Muslim voices of reason – and of irrationality



No comments on this from me as yet.  I think it might be worth while to do further research on the place and possible impact of moderate Muslim leaders in the West.  Of course there’s still the question of the place and impact of moderate Muslim leaders in Islam-dominated nations.  So I’m not sure if this news represents a positive step in the right direction, or whether the Haqiqah project is a gesture doomed to futility.

From today’s Independent UK: “Islamic magazine Haqiqah seeks to ‘drown out violent voices’ of Isis and al-Qaeda on the web:”

“A digital magazine challenging the twisted ideologies of groups such as Isis and al-Qaeda has been launched by Muslim leaders to “drown out violent voices”.

“Imams from the UK and Europe gathered at a London summit yesterday to launch the new Haqiqah, which translates as “reality” or “truth”. The first issue* focuses on Isis and their cruel reasonings behind killing, raping and pillaging.

“It claims to offer a counter-narrative to the rhetoric of murderous groups with sections providing context to specific Koranic verses, which are often distorted in extremist material and also that of fierce critics who seek to discredit Islam.”

(Read remaining article: There are only three comments to the article so far, but they are not without their interest, in presenting opposing perspectives on the issue.)




Arabic: “reality,” “truth”), in Sufi (Muslim mystic) terminology, the knowledge the Sufi acquires when the secrets of the divine essence are revealed to him at the end of his journey toward union with God. The Sufi must first reach the state of fana’ (“passing away of the self”), in which he becomes free from attachment to the earthly world and loses himself entirely in God. After he is awakened from that state he attains the state of baqa’ (“subsistence”), and haqiqah is revealed to him.” –

However, the prospects for optimism concerning the development of some sort of enlightened Islam possibly constraining fundamentalists threatening the world with catastrophic violence (because, after all, Judgment Day is at hand, right?), also took a beating today from another direction, that of institutionalized geopolitics.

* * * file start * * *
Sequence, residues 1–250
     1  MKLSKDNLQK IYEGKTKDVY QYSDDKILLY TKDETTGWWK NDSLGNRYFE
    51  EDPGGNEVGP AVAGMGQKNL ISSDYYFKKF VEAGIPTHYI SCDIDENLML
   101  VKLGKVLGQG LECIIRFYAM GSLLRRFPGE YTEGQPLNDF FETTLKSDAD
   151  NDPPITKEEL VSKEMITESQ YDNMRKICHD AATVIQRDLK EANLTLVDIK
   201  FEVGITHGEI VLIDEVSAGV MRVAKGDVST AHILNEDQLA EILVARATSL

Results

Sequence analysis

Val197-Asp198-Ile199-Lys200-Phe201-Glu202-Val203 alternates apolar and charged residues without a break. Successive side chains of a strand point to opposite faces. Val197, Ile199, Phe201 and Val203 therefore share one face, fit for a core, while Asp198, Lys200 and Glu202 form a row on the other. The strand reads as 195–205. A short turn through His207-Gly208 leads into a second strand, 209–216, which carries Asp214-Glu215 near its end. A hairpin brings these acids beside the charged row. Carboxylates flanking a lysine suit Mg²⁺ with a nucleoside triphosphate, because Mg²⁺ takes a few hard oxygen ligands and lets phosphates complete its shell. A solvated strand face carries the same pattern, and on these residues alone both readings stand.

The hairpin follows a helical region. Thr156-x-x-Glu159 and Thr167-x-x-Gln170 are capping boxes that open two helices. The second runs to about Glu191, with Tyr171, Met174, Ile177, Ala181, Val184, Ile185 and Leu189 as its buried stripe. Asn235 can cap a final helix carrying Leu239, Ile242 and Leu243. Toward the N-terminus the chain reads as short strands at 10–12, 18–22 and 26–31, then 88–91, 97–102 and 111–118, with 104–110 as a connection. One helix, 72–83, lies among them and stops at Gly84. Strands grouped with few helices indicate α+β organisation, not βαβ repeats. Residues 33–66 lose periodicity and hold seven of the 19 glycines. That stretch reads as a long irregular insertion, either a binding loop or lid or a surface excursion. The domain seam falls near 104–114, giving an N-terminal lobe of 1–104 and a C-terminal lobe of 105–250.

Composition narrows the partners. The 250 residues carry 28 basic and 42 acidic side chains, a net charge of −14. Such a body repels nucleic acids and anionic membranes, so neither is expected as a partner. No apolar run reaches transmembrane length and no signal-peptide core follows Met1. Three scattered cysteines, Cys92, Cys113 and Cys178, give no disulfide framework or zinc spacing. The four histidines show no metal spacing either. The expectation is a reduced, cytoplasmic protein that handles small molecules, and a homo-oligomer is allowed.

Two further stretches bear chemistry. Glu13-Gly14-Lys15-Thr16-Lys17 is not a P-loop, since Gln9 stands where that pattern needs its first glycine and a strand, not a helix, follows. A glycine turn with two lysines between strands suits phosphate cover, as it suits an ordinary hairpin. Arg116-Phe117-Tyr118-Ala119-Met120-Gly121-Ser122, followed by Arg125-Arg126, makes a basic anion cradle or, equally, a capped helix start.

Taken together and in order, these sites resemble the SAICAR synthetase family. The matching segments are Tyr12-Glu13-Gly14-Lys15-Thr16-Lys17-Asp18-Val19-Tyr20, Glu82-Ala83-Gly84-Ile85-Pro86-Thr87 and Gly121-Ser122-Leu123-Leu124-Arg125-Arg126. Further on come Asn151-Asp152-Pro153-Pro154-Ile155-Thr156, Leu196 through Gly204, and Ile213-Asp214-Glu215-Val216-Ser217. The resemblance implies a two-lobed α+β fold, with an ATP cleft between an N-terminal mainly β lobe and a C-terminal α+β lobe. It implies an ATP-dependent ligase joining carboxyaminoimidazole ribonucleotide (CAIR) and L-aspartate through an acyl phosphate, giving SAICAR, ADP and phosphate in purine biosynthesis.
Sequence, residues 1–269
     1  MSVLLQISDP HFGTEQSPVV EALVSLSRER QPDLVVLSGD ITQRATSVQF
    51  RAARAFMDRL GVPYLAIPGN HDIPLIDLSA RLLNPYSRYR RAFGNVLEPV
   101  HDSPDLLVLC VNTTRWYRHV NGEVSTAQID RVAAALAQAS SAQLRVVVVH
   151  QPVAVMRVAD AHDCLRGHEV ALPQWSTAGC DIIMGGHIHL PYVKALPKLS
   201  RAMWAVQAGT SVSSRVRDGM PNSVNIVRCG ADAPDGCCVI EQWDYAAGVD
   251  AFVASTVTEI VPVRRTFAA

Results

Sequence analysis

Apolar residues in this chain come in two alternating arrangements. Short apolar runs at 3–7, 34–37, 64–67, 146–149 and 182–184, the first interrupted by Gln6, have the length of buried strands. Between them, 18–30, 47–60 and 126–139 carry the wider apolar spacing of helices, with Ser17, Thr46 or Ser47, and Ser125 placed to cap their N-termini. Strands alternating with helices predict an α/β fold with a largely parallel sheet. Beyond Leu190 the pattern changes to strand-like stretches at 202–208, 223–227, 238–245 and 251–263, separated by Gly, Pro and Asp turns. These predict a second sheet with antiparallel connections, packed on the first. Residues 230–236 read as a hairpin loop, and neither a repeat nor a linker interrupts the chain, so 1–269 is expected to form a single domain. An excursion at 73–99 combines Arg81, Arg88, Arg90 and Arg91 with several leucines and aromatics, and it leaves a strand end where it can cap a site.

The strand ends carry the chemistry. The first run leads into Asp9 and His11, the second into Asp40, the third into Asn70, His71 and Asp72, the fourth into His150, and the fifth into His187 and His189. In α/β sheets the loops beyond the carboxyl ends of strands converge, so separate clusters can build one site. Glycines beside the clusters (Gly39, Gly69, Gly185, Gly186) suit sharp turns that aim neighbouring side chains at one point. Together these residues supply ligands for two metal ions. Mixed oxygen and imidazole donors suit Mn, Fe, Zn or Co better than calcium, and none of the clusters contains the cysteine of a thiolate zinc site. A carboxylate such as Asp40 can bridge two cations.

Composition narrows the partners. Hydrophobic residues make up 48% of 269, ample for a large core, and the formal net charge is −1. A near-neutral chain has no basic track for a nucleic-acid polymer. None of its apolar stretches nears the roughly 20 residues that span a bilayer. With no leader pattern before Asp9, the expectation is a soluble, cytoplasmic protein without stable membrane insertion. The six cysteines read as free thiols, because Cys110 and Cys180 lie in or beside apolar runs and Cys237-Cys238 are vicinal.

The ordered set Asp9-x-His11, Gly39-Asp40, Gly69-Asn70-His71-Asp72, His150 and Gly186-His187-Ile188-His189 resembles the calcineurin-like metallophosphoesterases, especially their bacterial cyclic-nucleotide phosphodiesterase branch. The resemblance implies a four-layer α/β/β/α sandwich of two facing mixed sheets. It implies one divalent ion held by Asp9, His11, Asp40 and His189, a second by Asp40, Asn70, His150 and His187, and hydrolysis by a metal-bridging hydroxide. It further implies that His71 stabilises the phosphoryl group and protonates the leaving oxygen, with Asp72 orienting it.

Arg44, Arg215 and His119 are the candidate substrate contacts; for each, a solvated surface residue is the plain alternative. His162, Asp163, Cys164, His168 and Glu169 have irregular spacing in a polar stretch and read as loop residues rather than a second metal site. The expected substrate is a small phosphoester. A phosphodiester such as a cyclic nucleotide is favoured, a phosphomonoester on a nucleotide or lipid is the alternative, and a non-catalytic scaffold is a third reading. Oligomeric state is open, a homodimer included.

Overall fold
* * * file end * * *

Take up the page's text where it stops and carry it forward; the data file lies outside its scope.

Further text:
Consider further news from the same edition of the Independent:  The fundamentalist Islamic regime of Saudi Arabia, known for its covert support of certain Sunni terrorist organizations (which American politicians prefer not to discuss), has announced that it will not rule out the possibility of acquiring nuclear weapons (which they could readily get from their friends in the failed state – and terrorist training groundzone – of Pakistan.  –

The irony here is this:  The Supreme Leader of Iran has ruled out nuclear weapons as in violation of principles to be found in the Qur’an; but American Republicans hate Iran and are pressing for strikes against Iranian nuclear power plants –  one argument being the worry that Iran would use nuclear weapons against Israel, a Republican fave.  But Republicans love Saudi Arabia (and its money, its oil, its political influence), even frequently socializing with the royal house of that kingdom.   So it is a pretty safe bet that we will hear no complaints from the Republicans if Saudi Arabia acquires nuclear weapons – despite the fact that Saudi Arabia’s primary target for these weapons would likely also be Israel.  (The Saudi’s have publicly indicated previously that they would target such weapons against Shi’ite Iran, thus providing Republicans here with a comfort zone full of excuses.  But after all, Saudi Arabia has a long history of antagonism against Israel, a fact Republicans prefer to ignore.)

(Anybody who thinks we’re living in a sane world probably needs therapy.)

Again, no more detailed comment from me yet; but if any reader has a comment that can help clarify details, I would be appreciative.  (If not, then, well, just note this for later reference….)


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